SH 9 continues northwest via the flat valley of the Middle Fork of the South Platte River, through the non-town of Garo then intersects US 285 a mile south of Fairplay. SH 9 and US 285 head north together, then SH 9 breaks off and follows the South Platte northwest through Fairplay and Alma. North of Alma SH 9 begins a straight accent up Hoosier Pass, but on the decent on the north side of the pass it has numerous switchbacks. SH 9 then picks up the Blue River and heads north through the town of Blue River.

North from there SH 9 comes into Breckenridge and uses Park Avenue, allowing through traffic to bypass congested Main Street to the west. Park Avenue also skirts the east edge of Breckenridge's skiing base area. SH 9 then continues following the Blue River north to Frisco. SH 9 has its busiest rural section between Breckenridge and Frisco. In Frisco, SH 9 heads through downtown, then out northwest to I-70 at Exit 203, which has a roundabout on the north side of the interchange. It goes along I-70 north to Silverthorne/Dillon (a very well-marked overlap), exiting I-70 at Exit 205. SH 9 then goes northwest along the Blue River valley, past Green Mountain Reservoir, across something close to a desert, then and ends at 6th St. and Park Ave. in Kremmling.

Photo Gallery:

  • North of US 50. Northbound SH 9 about 3 miles north of US 50. (May 2013)
  • Currant Creek Pass North Side. The view looking down northbound SH 9 as it drops down Currant Creek Pass. On the horizon is the Mosquito Range many, many miles to the northwest near Leadville. (May 2013)
  • South of Hartsel. Northbound SH 9 as it is in the southern reaches of the South Park valley about 9 miles south of US 24. (May 2013)
  • US 24 Junction Approach. Signs on northbound SH 9 as it comes into Hartsel. (May 2013)
  • Peak View Approaching US 285. Northbound SH 9 approaching US 285 south of Fairplay. On the horizon are 14ers Mount Democrat, Mount Bross, Mount Lincoln and Quandary Peak. Photo by David Herrera. (September 2012)
  • Interstate Bike Route 76. An Interstate Bike Route 76 sign on southbound SH 9 approaching US 285 in Fairplay. Apparently this part of SH 9 is part of a long-distance bike route, but I haven't seen any other signs for the route in the area, so it's not marked very well. (November 2003)
  • US 285/SH 9 Signs. A marker assembly on southbound SH 9 approaching US 285 in Fairplay. At the intersection itself you can see a signal installation in progress. (November 2003)
  • Hoosier Pass Marker. The US Forest Service marker and CDOT distance sign at Hoosier Pass. (November 2003)
  • Hoosier Pass Summit. The view looking north on SH 9 from the summit of Hoosier Pass. (November 2003)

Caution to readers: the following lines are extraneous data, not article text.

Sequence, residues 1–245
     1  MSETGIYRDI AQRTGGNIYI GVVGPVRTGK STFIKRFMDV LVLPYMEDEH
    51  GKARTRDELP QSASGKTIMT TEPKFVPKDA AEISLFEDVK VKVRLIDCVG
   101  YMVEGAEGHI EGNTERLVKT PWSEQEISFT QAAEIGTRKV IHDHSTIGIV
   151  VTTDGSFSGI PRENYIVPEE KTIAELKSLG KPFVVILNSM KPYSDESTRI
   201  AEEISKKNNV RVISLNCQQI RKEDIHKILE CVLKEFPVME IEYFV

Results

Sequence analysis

• SH 9 at I-70, Silverthorne. Probably the best-marked Interstate-SH overlap in the state. Southbound on SH 9 at I-70 in Silverthorne. (June 2002)
  • SH 9 North of Silverthorne. Northbound on SH 9 at milepost 113, near Elk Run Road. (June 2003)
  • Green Mountain Reservoir. Looking north as SH 9 runs beside Green Mountain Reservoir. (June 2003)
  • Near-Desert in Summit County? Northbound SH 9 at milepost 130. Looks an awful lot like the semi-arid desert of I-80 in southern Wyoming, which is not something you would expect in Summit County. (June 2003)

SH 9 is an original 1920s highway. From Hartsel it went north through Fairplay to Breckenridge to Frisco to Kremmling. In 1939 SH 9 was extended south to US 50 at Parkdale, then continued to Royal Gorge and then northeast to Caņon City. It was paved only from Fairplay to Alma. By 1947 it was paved additionally from Hartsel to Garo.

By 1954, SH 9 had its south end chopped off so it ended at Hartsel, and went north to Kremmling. It was paved from Hartsel to Alma, Breckenridge to Silverthorne, and the Summit/Grand County Line to Kremmling. By 1955 it was extended southeast to Guffey, and was paved additionally a little was northwest of Silverthorne. By 1957 SH 9 was extended southeast from Guffey to Parkdale. By 1963 the only section not paved was from Parkdale to Hartsel.

By 1970 the only section of SH 9 not paved was near Guffey, which was paved by 1980. I-70 between Frisco and Silverthorne was completed by 1971, and SH 9 was moved off of Dillon Dam Road to I-70 the same time. In Breckenridge SH 9 was moved from congested Main Street to Park Avenue in conjunction with a reconstruction project in summer 2005.


Location: South Front Range > Arkansas Valley
Length*: 71.96mi
W End: Jct I-25/US 160 Exit 50 at Walsenburg
E End: Jct US 50 in west La Junta

Counties: Huerfano, Las Animas, Pueblo, Otero
Places: Walsenburg, Hawley, La Junta

Milepost Guide:

  • 0.00: I-25 Exit 50 interchange east of Walsenburg (begin SH 10 in Huerfano County)
  • 20.95: Enter Las Animas County
  • 28.59: Enter Pueblo County
  • 43.05: Enter Otero County
  • 62.37: West jct SH 71, Hawley
  • 62.88: East jct SH 71, Hawley
  • 71.96: US 50, La Junta (end SH 10)

Annual Average Daily Traffic (2008):

  • 680 at I-25/US 160
  • 360 east of Otero CR 11
  • 600 east of SH 71, Hawley